Jazz singer Dianne Reeves was born on October 23, 1956 in Detroit, Michigan. Her father passed away when she was two years old, leaving Reeves to be reared by her mother, Vada Swanson, and maternal family members in Denver, Colorado. Reeves’ uncle, Charles Burrell, was a bassist in the Colorado Symphony who introduced Reeves to jazz. While attending Denver’s George Washington High School, Reeves sang in a big band that performed at the National Association of Jazz Educators’ convention, where Reeves was discovered by her future mentor, jazz trumpeter Clark Terry. After high school, Reeves briefly studied music at the University of Colorado, before moving to Los Angeles, California in 1976.
In Los Angeles, Reeves studied with vocal coach Phil Moore, and performed with Caldera’s Eddie del Barrio, jazz pianist Billy Childs, and her cousin, George Duke. In 1981, Reeves toured internationally with Brazilian musician Sergio Mendes. Her first album, Welcome to My Love was released by Palo Alto Records in 1982. Then, between 1983 and 1986, Reeves toured as a lead vocalist with Harry Belafonte, who introduced her to West African and West Indian rhythms. She signed with Blue Note Records in 1987, and released Dianne Reeves, an album that held the number one spot on contemporary jazz charts for eleven weeks. Reeves released a series of albums with Blue Note, including I Remember, Never Too Far, Art & Survival, Quiet After the Storm, The Grand Encounter, That Day... and Bridges.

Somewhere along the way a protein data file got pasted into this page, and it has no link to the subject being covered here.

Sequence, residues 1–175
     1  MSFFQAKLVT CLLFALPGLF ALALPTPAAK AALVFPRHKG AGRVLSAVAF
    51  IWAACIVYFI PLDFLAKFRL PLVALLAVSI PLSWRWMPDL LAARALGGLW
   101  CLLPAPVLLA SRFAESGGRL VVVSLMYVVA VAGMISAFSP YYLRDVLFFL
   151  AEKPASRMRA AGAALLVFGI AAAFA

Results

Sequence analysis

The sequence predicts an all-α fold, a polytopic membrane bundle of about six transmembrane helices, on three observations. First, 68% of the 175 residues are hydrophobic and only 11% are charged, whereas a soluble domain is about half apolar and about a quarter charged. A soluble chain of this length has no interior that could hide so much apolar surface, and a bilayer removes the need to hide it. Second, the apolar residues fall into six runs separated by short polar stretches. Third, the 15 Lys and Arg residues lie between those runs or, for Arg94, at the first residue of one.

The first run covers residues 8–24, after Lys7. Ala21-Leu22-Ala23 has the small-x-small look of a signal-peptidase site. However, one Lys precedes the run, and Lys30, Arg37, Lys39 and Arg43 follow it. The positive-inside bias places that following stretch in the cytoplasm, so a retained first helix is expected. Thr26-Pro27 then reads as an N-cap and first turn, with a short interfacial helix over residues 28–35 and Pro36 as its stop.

Starting in 2001, Reeves received Grammy Awards for Best Jazz Vocal Performance for her consecutive albums, In the Moment -- Live in Concert, The Calling: Celebrating Sarah Vaughn, and A Little Moonlight, produced by Arif Mardin. Reeves appeared as a jazz singer in George Clooney’s historical drama, Good Night, and Good Luck; and recorded the soundtrack for which she received her fourth Grammy for Best Jazz Vocal in 2006. Beautiful Life, produced by Terri Lyne Carrington and released by Concord Records in 2014, featured covers of songs by Bob Marley, Fleetwood Mac and Marvin Gaye, and guest artists such as Esperanza Spalding, Gregory Porter, Lalah Hathaway and Robert Glasper. Reeves received the 2015 Grammy Award for Best Jazz Vocal Performance for the album.
Reeves recorded and performed with Wynton Marsalis, the Lincoln Center Jazz Orchestra and the Chicago Symphony Orchestra, and sang as the featured soloist with Sir Simon Rattle and the Berlin Philharmonic. Reeves was also the first vocalist to perform at the famed Walt Disney Concert Hall; and she performed at the White House on multiple occasions such as President Barack Obama’s State Dinner for the President of China as well as the Governor’s Ball. Reeves was a recipient of honorary doctorate degrees from the Berklee College of Music and the Julliard School. In 2018, the National Endowment for the Arts designated Reeves a Jazz Master – the highest honor the United States bestows on jazz artists.
Dianne Reeves was interviewed by The HistoryMakers on September 24, 2016.